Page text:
Jagdeo explained how the idea of REDD will work in Guyana: “What is the profit from timber, soybean production, and mining? Out of that sum, we subtract the loss of local ecosystem services.” He has come up with a cost effective model that works out to a profit of $580 million per year.

“We’ve had a consultation process, [we formed] a committee with indigenous people, loggers, miners, the private sector, every interest group. We are trying to develop a broad national consensus,” he explained.

He addressed where the revenue from the low carbon model will go. “Most of our people live below sea level, we want to spend some of the money on bettering our control of water management. We want to spend some resources on a whole series of low carbon investment opportunities, such as ecotourism and large-scale agriculture. To create alternative employment for people, we want to use some of the resources to transform the economies of indigenous villages, find sustainable activities for them to earn money,” he said.

In a Q&A session after the lecture, Jagdeo addressed the possibility of government corruption within his low-carbon model: “We need new government structures to deal with global climate change funds which should have separate procedures. A global governance structure for the government is a vital part of the discussion in Copenhagen.”

Jagdeo also spoke earlier in the day at York University and Trent University. When asked why he wanted to speak at universities, he responded, “It is important to raise awareness within academia and the public at large. Negotiations for a replacement to Kyoto have taken place at a technical level, but what is needed now is a political breakthrough to have a successful agreement. The political incentive will only come about if everyone gets involved in the debate.”

The Republic of Guyana plans to debut the model at the Climate Conference in Copenhagen later this year. “We want to prove before Copenhagen that we have a model that works,” said Jagdeo. “Encourage your government to get involved. Non-governmental organizations, the private sector, we all need to take positions. It will happen when we all become involved.”

I think we fail because the Kyoto model did not address the crude costs of deforestation. In Guyana, we have decided to do a large-scale pilot study to encompass the whole country. We have 16 million hectares of forest. We are prepared to save the forest if the incentives are there.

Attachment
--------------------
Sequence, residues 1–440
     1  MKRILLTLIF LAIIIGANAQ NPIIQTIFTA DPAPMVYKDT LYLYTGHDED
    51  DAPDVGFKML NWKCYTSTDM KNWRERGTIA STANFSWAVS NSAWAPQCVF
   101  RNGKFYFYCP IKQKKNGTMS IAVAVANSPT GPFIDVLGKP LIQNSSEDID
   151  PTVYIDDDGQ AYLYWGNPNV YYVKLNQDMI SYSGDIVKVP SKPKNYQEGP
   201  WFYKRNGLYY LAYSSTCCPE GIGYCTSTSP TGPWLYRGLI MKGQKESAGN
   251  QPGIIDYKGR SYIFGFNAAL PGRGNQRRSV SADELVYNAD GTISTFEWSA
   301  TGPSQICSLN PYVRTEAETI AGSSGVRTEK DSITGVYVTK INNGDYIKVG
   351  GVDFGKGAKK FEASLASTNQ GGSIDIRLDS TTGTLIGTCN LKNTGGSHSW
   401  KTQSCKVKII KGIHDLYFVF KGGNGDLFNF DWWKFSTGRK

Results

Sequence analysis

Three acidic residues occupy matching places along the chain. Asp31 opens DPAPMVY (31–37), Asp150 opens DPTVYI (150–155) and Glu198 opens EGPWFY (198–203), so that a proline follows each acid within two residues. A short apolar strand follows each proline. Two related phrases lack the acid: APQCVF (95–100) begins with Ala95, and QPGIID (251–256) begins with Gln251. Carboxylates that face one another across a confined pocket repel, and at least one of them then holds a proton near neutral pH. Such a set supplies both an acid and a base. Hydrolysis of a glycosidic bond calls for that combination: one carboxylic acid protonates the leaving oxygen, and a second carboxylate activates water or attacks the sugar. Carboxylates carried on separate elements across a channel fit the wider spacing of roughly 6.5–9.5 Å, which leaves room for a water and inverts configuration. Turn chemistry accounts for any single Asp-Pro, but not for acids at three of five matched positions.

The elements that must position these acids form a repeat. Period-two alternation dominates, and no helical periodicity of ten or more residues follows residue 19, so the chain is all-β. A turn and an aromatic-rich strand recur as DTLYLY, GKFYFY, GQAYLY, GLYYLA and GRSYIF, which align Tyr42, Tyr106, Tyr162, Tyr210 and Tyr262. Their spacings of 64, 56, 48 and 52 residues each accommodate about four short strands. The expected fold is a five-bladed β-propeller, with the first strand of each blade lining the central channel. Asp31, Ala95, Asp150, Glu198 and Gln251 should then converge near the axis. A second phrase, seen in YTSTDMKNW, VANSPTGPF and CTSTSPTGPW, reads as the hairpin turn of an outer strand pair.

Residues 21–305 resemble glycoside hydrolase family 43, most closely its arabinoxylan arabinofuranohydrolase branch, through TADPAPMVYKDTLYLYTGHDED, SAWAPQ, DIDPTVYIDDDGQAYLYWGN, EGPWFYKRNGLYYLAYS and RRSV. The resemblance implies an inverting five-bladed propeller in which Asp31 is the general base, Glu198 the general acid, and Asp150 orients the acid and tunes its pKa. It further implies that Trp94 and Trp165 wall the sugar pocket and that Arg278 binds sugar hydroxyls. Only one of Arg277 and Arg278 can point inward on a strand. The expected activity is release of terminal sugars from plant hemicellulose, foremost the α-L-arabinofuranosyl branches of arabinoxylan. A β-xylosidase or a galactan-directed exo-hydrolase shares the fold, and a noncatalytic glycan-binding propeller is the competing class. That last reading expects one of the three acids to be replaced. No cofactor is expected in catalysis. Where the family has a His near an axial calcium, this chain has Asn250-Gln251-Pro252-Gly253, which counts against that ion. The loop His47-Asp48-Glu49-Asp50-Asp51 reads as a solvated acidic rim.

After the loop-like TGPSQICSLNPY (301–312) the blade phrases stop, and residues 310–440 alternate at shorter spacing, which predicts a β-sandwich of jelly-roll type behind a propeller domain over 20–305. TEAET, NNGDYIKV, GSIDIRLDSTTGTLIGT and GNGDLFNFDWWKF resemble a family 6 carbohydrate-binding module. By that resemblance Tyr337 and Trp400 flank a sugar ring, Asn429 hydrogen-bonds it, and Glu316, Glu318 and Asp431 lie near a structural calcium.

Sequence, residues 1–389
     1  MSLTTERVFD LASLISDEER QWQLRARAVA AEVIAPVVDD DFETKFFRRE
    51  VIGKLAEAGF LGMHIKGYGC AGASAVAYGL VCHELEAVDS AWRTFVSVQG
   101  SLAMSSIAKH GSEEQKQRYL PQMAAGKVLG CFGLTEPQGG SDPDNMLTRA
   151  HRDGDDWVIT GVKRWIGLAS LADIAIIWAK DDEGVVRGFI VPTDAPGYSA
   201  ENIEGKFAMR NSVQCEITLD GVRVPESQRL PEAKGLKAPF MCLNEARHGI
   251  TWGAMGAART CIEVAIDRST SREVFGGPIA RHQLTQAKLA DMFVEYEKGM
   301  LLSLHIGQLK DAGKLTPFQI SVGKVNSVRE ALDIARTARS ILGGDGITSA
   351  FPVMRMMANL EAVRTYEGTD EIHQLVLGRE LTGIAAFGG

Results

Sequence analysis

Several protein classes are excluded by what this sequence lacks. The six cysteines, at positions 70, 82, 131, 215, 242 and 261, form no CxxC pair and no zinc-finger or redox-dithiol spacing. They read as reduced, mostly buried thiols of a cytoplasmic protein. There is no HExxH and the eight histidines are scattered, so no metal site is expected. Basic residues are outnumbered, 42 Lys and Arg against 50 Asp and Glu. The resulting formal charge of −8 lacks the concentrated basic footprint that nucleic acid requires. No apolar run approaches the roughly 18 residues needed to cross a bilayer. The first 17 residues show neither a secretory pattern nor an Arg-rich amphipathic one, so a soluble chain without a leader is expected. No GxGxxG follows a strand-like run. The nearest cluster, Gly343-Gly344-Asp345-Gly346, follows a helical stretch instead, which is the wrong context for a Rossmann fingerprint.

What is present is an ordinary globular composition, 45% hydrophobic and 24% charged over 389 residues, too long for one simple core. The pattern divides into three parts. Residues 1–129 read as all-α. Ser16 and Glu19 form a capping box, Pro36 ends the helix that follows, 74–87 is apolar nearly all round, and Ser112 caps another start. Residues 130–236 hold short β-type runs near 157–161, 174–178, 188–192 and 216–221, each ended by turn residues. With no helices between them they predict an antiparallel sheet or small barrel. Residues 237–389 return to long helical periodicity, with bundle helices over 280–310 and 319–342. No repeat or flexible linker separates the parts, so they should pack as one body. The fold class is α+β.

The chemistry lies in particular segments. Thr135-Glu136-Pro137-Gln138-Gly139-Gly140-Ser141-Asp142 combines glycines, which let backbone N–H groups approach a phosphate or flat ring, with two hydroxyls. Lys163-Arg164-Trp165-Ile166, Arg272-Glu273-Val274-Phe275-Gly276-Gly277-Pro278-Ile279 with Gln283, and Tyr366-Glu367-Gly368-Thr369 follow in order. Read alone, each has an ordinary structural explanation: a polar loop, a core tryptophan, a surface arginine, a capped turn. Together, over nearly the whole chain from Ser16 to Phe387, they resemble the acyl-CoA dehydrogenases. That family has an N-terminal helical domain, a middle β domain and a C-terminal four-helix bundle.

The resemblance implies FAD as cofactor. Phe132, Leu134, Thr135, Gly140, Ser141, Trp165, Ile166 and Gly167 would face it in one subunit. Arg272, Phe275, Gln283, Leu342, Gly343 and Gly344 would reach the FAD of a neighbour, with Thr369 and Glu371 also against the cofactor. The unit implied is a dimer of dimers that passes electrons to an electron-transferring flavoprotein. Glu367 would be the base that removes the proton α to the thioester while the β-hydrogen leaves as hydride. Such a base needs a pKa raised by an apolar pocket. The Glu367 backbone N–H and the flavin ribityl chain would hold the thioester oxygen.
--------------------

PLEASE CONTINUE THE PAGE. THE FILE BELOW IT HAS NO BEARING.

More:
The Soviet Union fell 20 years ago, but remnants of Russian authoritarism remain strong today

The Economist published a story last week illustrating an important fact about today’s Russian society. As a joke, a restaurant called themselves the Anti-Soviet because of its location opposite a hotel called the Soviet. Local authorities ordered the restaurant change its name. Spreading anti-Soviet feelings, the restaurant was told by the local state, is not acceptable in Russia.

This is only one example of such state intervention. Prime Minister Vladimir Putin, an ex-KGB member, has repeatedly engaged in acts that embrace the old Soviet Union ideology. He has called the USSR’s fall “the greatest geo-political catastrophe,” has re-entered pro Stalin teachings into school curricula, and has created a statue in honour of the cruel dictator in a Moscow Metro station.

Putin and his administration increasingly use methods associated with the Communist Party of Soviet Union and the Soviet regime. They have rigged elections, and have arrested and harassed lawyers, journalists, activists, trade unionists, and anybody who is in opposition to those currently in power. They’ve appointed hand puppet President Dmitry Medvedev, who everybody knows carries no real weight without Putin’s approval.

The traditions of the CPSU are not carried by its legal successor, the Communist Party of Russian Federation, but by Putin’s party, United Russia. The genealogy of United Russia goes right back to the same CPSU and the Soviet elite. They had enjoyed their privileges for years, while letting the Soviet economy sink in its inability to compete on a world scale. But they weren’t content with that; they wanted to plunder the assets of the Russian people. That is to say, they wanted capitalism.